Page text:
What Jeff Sessions doesn’t understand about medical marijuana
On Jan. 4, Attorney General Jeff Sessions rescinded the Cole memo, a 2013 document that limits federal enforcement of marijuana laws.
This opens the door for a crackdown in the nine states with legal recreational marijuana.
The Cole memo is one of two documents that prevent the U.S. Justice Department from treating marijuana as a Schedule I drug, defined as a substance with no accepted medical treatment and high potential for abuse. The other is the 2014 Rohrabacher–Farr amendment. This legislation bars the Department of Justice from spending any funds to keep states from implementing their own laws about “the use, distribution, possession or cultivation of medical marijuana.”
The amendment’s language needs to be reinserted into law each year — and it’s currently set to expire on Jan. 18. That would leave patients in the 29 states with legal medical marijuana without their treatments and at risk of prosecution.
I have researched a number of drugs of abuse and natural products for safety and effectiveness. Just because a drug has abuse potential doesn’t mean it’s always bad and just because it’s natural doesn’t mean it’s always safe. While I’m no fan of legalizing recreational marijuana use, I believe there has to be special dispensation for patients with a legitimate medical need.
Medical marijuana works
There are approximately 1.2 million users of medical marijuana in these 29 states. Some of the most common ailments include pain or muscle spasms, nausea and vomiting, cancer, PTSD, seizures and glaucoma.
The body has a system of receptors that can be stimulated by the chemicals in marijuana, called cannabinoids. In animal studies, cannabinoids have been used to treat symptoms like harmful weight loss, vomiting, seizures and fluid pressure in the eyes.
There isn’t much human research on medical marijuana, thanks to the product’s illegal status and a lack of federal research funding. Large trials are nearly impossible to conduct, since products are often adulterated and the concentrations of cannabinoids vary from plant to plant.
Even so, human trials from around the world and pockets of the U.S. offer modestly strong evidence of marijuana’s benefits in a number of disorders, such as intractable nausea and vomiting, chronic pain and severe muscle spasms and epilepsy.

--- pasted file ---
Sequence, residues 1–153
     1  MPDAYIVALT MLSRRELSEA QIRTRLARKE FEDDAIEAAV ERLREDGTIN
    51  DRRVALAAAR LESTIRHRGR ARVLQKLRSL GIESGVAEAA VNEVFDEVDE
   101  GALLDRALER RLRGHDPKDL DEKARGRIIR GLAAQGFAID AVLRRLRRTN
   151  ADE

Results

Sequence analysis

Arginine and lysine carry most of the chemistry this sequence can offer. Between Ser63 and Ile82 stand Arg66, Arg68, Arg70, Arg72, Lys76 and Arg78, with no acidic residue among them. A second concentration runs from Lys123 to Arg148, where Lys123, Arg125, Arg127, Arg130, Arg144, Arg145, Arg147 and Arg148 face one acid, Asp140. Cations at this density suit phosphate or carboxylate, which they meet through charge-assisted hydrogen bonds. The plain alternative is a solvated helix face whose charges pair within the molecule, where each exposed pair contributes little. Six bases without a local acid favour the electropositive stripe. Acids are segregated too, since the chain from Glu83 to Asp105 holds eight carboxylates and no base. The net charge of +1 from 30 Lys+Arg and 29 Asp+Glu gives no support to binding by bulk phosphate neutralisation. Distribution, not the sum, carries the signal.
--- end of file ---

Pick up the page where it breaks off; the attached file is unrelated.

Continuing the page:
For example, a study published in May looked at the effects of cannabadiol — an active marijuana compound that does not cause euphoric high or hallucination — on children with Dravet syndrome, a rare genetic disorder characterized by frequent, severe drug-resistant seizures. Those who took cannabadiol cut their median number of convulsive seizures per month in half, from 12 to six. These findings may be applicable to other people with hard-to-treat seizures.
I bring up this example because it uses the highest quality study design. Also, seizures are not subjective symptoms like pain or nausea that critics may be skeptical of.
When patients become criminals
In my home state of Connecticut, medical marijuana is legal. Doctors are required to certify that potential medical marijuana users have a disease for which there is adequate medical evidence for marijuana’s benefit. The patient then visits a licensed dispensary facility, where a pharmacist helps to select the type of product that would work best.
In such a dispensary, pharmacists know the exact amount of the active chemicals that each product contains. Unlike illegal marijuana, their products aren’t contaminated with heavy metals, bacteria, fungi, herbicides or pesticides.
What if patients can no longer access these products? They will either have to go without and lose the benefits of their treatment, leading to moderately intense marijuana withdrawal symptoms, such as insomnia, chills, shakiness and stomach pain.
Or they might try to switch to the black market, where products may be inconsistent and prosecution is possible. In so doing, they would be supporting organized crime and exposing themselves to additional dangers. I especially worry about children with epilepsy who might have to use illegal marijuana that gives them a high due to the tetrahydrocannabinol (THC) rather than a legal version with little to no THC.
A balanced approach
Since 2014, the Rohrabacher-Farr amendment has been routinely included in the appropriations language with support from both parties. But in the past year, things have broken down. So far, the amendment has survived through resolutions to extend government spending, but it’s unclear whether it will appear in the new federal budget.
Sessions has already written to members of Congress asking them not to support this amendment, saying it inhibits the department’s authority. A new subcommittee at the Department of Justice plans to assess the legalized use of marijuana.
Legal recreational marijuana comes with potential benefits and drawbacks to society, and I’m not sure yet that we know what the impact will be over the long term. But the research on medical marijuana is clear: Marijuana has legitimate medical uses. It should not be a Schedule I drug and should not be denied to patients. There’s virtually no upside to banning a potentially effective therapy for patients with diseases like cancer, multiple sclerosis and epilepsy.
C. Michael White is a professor and head of the Department of Pharmacy Practice at the University of Connecticut. This first appeared on The Conversation.
More on marijuana:
- Sessions’s marijuana reversal may squander U.S. opportunity to dominate multibillion-dollar global market
- Marijuana is legal in California, but buying it is neither cheap nor always easy
- Why you may not need to worry about the new marijuana dispensary next door